High-Field Superconductors under Strain that Enable Spherical Tokamaks for Fusion Power Generation (Materials Strand Project)

Supervisor/s – Prof. D. P Hampshire (Durham University)

Materials Strand project – an experimental PhD project.

Background to the PhD Research Project:
The ITER (International Thermonuclear Experimental Reactor) Tokomak that is being built in Cadarache in France is one of the most exciting scientific projects at the beginning of the 21st century (http://www.iter.org/). It will produce 500 MW which is about ten times the power needed to run the machine. Superconductivity is the enabling technology for this project since without it, the magnets that hold the plasma would either melt or consume more energy than the tokamak produces. Approximately one third of the cost of ITER comes from the superconducting magnets which use low temperature superconductors. Recent work has demonstrated that the next generation of fusion tokamaks may be most effective at higher fields than ITER – more than ~ 16 Tesla – which opens the question of whether we can develop high-temperature superconductors, that have higher current densities and upper critical fields, to enable commercial fusion energy http://www.superpower-inc.com/content/2g-hts-wire. The current density in these high temperature superconductors is still typically less than 1 % of the theoretical limit in high magnetic fields and there is no agreement about why it is so pitifully low. In Durham, we have developed purpose-built facilities to make transport critical current density JC(B,T,ε) measurements as a function of magnetic field (B), temperature (T) and strain (ε) on 2G tapes. This PhD is directed at measuring the best available conductors, using our state-of-the-art horizontal Helmholtz-like 15 Tesla magnet system in Durham, as well as using the magnets at the International high-field facilities in Grenoble. The timescale for first-plasma at ITER (2025) offers a wonderful opportunity for early career Physicists to help pioneer our understanding of high field superconducting materials for fusion applications.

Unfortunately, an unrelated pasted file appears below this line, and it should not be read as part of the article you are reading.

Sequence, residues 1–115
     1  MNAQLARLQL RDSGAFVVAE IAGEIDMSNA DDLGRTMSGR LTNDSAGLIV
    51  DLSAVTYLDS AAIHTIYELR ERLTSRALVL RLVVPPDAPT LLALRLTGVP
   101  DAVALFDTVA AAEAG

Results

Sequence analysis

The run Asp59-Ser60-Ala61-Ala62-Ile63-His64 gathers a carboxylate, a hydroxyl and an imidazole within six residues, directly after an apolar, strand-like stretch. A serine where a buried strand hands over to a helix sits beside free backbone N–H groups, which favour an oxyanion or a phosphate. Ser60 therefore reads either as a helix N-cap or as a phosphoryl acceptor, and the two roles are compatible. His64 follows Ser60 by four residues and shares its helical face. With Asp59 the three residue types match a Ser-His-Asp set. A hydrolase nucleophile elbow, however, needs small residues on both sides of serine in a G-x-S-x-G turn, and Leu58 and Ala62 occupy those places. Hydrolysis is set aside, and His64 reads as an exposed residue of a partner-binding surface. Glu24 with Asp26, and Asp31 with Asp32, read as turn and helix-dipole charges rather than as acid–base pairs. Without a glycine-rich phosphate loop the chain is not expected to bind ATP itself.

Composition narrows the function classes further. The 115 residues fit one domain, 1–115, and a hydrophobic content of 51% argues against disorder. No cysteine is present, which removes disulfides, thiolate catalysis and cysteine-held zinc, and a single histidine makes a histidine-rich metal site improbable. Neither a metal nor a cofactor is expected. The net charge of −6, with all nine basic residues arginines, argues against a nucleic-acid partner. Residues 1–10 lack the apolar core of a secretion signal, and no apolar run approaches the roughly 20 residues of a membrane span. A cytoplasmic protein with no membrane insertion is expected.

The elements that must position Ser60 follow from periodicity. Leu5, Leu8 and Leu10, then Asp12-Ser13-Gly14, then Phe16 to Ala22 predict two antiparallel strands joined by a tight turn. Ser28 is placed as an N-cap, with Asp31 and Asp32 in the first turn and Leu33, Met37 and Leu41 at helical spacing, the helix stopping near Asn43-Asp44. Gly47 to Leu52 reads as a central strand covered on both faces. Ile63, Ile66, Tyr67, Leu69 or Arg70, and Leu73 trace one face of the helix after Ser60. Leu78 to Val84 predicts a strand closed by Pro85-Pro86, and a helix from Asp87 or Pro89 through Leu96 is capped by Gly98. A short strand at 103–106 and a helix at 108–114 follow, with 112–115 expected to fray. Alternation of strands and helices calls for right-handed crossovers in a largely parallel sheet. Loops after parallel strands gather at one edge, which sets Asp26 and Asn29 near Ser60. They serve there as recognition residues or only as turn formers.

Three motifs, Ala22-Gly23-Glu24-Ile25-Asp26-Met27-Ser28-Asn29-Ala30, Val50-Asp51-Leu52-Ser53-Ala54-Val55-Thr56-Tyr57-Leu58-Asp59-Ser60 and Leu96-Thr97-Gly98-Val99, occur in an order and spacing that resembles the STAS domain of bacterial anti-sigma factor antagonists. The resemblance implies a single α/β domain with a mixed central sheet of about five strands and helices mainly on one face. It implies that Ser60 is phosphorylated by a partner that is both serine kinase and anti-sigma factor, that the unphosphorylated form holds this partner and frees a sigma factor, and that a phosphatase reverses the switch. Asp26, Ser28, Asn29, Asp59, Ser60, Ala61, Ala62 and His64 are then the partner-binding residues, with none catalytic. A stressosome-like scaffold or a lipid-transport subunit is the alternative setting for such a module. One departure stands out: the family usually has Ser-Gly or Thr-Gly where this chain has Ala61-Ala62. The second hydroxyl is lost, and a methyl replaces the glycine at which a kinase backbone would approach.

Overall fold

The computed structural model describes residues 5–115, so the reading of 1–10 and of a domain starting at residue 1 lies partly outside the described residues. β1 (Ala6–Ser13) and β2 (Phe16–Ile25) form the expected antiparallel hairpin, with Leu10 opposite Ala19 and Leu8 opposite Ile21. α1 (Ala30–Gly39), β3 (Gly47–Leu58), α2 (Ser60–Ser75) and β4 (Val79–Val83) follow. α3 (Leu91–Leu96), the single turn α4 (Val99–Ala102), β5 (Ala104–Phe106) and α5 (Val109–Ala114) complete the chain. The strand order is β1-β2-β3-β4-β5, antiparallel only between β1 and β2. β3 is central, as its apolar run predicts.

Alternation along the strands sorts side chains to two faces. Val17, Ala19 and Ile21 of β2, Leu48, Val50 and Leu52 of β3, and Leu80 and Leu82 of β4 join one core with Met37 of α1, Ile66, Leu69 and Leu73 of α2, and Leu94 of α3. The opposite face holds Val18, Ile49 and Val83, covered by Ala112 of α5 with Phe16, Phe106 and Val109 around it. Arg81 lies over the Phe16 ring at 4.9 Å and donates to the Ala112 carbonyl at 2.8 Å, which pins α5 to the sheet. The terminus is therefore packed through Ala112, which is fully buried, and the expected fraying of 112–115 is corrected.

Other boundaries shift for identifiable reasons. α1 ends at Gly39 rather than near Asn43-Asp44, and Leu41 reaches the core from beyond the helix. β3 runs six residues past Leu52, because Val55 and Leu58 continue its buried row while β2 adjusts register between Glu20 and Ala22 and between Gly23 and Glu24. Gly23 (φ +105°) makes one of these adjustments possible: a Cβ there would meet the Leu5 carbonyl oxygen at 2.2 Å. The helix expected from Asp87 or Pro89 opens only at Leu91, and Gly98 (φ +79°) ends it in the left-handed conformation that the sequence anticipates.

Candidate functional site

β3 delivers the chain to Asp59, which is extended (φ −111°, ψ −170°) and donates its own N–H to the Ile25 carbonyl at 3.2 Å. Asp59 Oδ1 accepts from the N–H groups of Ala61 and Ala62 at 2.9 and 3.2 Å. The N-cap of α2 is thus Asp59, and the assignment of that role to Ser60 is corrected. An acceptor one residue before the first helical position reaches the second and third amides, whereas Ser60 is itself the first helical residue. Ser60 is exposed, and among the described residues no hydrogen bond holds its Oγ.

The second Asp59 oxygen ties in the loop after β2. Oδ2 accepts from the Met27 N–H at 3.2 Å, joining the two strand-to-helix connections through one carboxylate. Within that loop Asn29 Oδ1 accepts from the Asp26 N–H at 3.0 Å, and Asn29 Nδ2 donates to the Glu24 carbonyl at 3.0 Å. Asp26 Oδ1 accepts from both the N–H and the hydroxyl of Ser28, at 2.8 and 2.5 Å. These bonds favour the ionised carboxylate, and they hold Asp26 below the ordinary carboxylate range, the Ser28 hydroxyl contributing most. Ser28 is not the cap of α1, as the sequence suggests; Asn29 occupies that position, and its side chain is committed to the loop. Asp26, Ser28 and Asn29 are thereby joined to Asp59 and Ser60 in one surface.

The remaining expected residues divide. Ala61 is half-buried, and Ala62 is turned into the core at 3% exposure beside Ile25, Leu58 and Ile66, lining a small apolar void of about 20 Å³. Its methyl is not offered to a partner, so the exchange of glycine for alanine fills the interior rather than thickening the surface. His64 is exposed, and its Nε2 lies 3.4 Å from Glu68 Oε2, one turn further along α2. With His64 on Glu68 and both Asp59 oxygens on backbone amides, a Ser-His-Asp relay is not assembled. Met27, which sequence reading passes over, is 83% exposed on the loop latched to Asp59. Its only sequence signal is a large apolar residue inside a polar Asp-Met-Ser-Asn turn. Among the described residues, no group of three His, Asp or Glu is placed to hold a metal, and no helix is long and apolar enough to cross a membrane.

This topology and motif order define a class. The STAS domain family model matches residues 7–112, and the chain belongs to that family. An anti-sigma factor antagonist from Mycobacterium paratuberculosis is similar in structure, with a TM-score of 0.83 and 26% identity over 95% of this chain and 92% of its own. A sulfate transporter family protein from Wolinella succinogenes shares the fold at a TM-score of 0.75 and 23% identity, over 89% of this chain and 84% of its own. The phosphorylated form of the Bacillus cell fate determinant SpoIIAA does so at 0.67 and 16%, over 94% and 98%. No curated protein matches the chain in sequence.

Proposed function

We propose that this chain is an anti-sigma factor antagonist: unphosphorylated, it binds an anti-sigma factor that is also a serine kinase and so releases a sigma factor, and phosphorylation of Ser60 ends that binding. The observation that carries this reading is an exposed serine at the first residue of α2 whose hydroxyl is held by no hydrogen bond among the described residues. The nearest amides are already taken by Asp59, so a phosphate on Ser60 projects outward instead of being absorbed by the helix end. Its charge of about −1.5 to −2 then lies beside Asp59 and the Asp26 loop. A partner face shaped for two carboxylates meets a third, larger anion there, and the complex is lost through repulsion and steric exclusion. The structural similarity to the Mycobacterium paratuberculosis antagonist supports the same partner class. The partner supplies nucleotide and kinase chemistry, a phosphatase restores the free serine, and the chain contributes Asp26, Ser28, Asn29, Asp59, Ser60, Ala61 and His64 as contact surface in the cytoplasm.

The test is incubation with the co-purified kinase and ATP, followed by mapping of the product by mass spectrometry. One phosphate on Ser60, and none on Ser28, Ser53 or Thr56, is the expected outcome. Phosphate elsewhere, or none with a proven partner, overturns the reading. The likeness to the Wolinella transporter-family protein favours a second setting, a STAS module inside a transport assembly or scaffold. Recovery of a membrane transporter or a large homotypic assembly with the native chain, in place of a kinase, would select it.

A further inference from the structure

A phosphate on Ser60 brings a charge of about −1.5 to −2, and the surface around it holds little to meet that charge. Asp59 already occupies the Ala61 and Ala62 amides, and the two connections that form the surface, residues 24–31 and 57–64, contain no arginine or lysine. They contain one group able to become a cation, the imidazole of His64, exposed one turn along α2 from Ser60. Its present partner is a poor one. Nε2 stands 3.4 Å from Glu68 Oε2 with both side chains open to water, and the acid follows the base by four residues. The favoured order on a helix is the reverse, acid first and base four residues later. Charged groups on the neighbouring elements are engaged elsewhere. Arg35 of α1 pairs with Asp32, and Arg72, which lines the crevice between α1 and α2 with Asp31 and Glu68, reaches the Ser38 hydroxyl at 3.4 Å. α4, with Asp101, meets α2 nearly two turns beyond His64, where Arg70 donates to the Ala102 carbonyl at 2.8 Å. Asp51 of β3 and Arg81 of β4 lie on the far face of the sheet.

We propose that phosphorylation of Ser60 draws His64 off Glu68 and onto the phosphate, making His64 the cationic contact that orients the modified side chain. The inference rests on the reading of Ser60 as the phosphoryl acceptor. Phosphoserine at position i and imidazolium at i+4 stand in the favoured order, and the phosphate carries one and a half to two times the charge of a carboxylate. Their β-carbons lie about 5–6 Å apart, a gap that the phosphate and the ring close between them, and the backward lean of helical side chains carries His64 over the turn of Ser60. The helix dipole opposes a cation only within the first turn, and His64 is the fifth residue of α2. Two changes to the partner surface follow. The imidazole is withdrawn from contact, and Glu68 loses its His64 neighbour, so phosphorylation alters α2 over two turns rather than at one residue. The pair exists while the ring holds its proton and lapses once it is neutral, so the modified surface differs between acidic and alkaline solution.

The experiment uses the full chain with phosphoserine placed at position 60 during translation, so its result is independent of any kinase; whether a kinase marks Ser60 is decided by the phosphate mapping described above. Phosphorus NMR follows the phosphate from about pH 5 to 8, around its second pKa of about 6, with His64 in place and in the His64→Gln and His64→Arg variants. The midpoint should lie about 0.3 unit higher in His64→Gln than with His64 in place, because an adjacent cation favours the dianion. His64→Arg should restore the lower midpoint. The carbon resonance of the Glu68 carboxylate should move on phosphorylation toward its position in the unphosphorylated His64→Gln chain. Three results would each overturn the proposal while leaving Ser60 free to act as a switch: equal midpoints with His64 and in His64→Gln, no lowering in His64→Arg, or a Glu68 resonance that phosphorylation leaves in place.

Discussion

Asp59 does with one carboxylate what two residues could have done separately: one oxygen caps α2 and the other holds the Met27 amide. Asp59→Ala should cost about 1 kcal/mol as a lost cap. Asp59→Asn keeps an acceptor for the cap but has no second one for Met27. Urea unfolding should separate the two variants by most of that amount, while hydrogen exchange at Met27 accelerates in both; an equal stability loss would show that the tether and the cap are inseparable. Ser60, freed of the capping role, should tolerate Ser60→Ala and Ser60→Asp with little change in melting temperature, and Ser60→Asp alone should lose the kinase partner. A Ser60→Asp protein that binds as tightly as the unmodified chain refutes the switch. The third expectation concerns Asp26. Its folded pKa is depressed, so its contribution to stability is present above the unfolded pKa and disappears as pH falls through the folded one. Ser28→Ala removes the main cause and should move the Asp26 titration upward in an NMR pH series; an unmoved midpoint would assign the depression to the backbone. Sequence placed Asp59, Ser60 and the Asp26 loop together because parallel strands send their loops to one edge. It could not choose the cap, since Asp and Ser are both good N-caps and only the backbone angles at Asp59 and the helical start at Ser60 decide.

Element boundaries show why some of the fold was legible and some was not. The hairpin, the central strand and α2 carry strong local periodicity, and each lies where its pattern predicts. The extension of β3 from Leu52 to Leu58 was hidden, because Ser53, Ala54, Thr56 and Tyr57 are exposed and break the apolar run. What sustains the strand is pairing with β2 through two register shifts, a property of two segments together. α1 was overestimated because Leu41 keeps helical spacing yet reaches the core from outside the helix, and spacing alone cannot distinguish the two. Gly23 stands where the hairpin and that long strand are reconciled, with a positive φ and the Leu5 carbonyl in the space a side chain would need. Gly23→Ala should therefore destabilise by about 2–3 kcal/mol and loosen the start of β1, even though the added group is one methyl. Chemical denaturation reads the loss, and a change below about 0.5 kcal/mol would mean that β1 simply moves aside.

PhD Research Project and Supervision :
In this PhD research programme, the student will measure both the fundamental and extrinsic properties of superconducting materials including the critical current density JC(B(θ),T, ε,). Important research questions include: What is the mechanism that determines the critical current in high magnetic fields of high temperature superconductors? How can we optimise HTS materials to enable commercial fusion energy ? What is the role of anisotropy/reduced dimensionality in these materials? Why is the critical current density in state-of-the-art materials 2 or 3 orders of magnitude lower than the theoretical limit in high magnetic fields? Can we understand the nature of flux pinning and flux flow in high Jc materials under strain? This is a fabulous PhD project that is ideal for a student with a good degree in Physics and a broad interest in materials and applied Physics. They will be expected to network with scientists throughout the world working on fusion.